Who was Wendell G. Freeland?
Wendell Grimkie Freeland was born in Baltimore, Maryland on February 21, 1925. His family lived in a poor neighborhood in a segregated city, and Wendell attended segregated schools throughout his childhood. He graduated from Frederick Douglass High School in 1941 and won a scholarship to Howard University. While at Howard, Wendell joined the Army Air Corps. He said he joined the military to fight growing fascism in Europe, not to fight for a country that denied its own citizens basic human and civil rights.
While in the Army, Wendell was a member of the Tuskegee Airmen, serving as a bombardier with the 477th Bombardment Group. Although he was a lieutenant, he remained a second-class citizen in the Army. He was arrested twice for defying the Army’s strict segregation policies. His second arrest was for his involvement in what is now called “The Freeman Field Mutiny.” Wendell and other airmen were arrested for entering a “white officers” club. When he and 100 others refused to sign, read, or even acknowledge the regulation strictly separating white and Black officers, they were charged with mutiny, a crime punishable by execution. Wendell was only 19 years old.
Following his service in the military, Wendell returned to Howard and graduated cum laude in 1947. He earned his law degree from the University of Maryland School of Law in 1950 and graduated with honors. He was the first Black student at Maryland to be elected to the Order of the Coif, an honorary legal fraternity.
Wendell and Jane, his wife of 67 years, moved to Pittsburgh in 1950 and Wendell was admitted to the Pennsylvania Bar in 1951. He started his legal career at the Smith Jones law firm whose two principals – Henry R. Smith and Richard F. Jones – were two of only a handful of Black lawyers practicing in Pittsburgh at the time. Wendell later worked as an assistant district attorney in Allegheny County and then returned to private practice for the remainder of his career. His practice included all kinds of cases, but he focused on criminal and civil rights cases. He understood the connection between the two and often spoke about how racism infected the administration of justice.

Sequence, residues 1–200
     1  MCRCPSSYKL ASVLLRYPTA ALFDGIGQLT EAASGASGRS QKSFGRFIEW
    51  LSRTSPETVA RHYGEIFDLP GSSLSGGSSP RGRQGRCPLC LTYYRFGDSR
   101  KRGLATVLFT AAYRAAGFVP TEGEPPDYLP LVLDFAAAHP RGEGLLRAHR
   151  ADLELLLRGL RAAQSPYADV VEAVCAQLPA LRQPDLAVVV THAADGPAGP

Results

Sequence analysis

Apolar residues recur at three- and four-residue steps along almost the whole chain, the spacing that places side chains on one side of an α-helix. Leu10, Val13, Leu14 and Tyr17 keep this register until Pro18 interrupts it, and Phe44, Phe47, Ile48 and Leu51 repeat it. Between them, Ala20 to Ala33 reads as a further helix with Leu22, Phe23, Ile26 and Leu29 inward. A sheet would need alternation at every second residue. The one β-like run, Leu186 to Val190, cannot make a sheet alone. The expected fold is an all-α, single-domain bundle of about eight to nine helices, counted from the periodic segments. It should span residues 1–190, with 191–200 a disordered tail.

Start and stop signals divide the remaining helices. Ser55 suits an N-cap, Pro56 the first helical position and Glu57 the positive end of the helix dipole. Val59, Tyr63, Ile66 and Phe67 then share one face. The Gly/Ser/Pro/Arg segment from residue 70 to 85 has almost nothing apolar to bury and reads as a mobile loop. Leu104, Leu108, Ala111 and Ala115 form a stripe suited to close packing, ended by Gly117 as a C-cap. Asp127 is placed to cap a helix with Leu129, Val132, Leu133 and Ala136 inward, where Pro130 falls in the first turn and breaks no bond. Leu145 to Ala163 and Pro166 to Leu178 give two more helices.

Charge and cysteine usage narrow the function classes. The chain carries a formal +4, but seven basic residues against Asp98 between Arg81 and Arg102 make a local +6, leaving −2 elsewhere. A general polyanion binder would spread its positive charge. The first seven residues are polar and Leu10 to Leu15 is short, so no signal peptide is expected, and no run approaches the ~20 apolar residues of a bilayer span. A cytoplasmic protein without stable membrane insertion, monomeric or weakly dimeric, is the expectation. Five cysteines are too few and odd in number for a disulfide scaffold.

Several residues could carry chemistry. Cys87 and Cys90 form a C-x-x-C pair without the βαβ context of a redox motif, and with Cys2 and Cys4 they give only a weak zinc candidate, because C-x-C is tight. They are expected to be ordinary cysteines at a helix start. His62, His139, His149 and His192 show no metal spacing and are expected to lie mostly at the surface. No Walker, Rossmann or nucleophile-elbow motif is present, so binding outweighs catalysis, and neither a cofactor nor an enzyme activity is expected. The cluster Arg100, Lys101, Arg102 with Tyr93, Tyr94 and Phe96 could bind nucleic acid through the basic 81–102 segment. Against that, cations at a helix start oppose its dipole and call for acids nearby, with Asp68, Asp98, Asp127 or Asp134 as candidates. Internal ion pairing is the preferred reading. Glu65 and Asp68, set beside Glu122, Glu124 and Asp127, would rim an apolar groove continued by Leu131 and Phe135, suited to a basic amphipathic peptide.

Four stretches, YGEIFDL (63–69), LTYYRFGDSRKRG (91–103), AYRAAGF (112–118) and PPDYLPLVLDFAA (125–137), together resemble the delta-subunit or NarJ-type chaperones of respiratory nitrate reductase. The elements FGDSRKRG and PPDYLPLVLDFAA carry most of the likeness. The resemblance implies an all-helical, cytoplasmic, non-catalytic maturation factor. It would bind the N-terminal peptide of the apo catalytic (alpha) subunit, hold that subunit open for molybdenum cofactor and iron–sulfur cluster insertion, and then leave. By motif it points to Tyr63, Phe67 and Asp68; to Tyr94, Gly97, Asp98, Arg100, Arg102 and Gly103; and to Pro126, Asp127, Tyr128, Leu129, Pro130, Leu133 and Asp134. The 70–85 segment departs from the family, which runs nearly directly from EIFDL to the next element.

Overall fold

One of the first matters Wendell took on after arriving in Pittsburgh was the Highland Park Swimming Pool case, in which he, Jones, and Smith sued the City of a Pittsburgh to ensure the safety of Blacks who tried to swim at the pool. Rather than bring a claim based on racial discrimination, they claimed the pool was a nuisance and danger to city residents, as Blacks who tried to swim there were harassed and pelted with rocks.
Wendell’s many contributions to the City of Pittsburgh and to its legal and civil rights communities are too numerous to catalog. Some highlights include his service as the first President of Neighborhood Legal Services, President of the Homers S. Brown Law Association, Member of the House of Delegates of the Pennsylvania Bar Association, and a member of the Judicial Conduct Board of Pennsylvania. Wendell also served as Chair of the Urban League of Pittsburgh Board of Directors, Senior Vice President of the National Urban League Board of Trustees, Chairman of the Board of Governors of the Joint Center for Political and Economic Studies and was a member of many boards, including the Board of Trustees of the University of Pittsburgh and of Westminster College, Board of Visitors of the University of Pittsburgh School of Social Work, and the Board of Directors of the University of Pittsburgh Medical Center. He was also a founder of the Hill House Association.
Wendell’s efforts while with the Urban League laid the foundation not only for desegregation of the city’s public schools, but also for the hiring of Black teachers. He pressed corporate boards to invite African Americans to the table and tirelessly advocated for the advancement of women and minorities within the legal field.
Toward the end of his career, Wendell helped convince the Supreme Court of Pennsylvania to admit, posthumously, George B. Vashon, to the Pennsylvania Bar. Vashon had twice been denied admission to the Allegheny County Bar in 1847 and again in 1868 because he was a Black man. One of his proudest moments was presenting the Certificate of Admission to Mr. Vashon’s family following a ceremony in 2010.
At the time, Wendell said, “it’s significant in my opinion, because it is an indication that some of the wrongs of the past – though certainly not all – can be rectified if there is an entity capable and willing to do it.”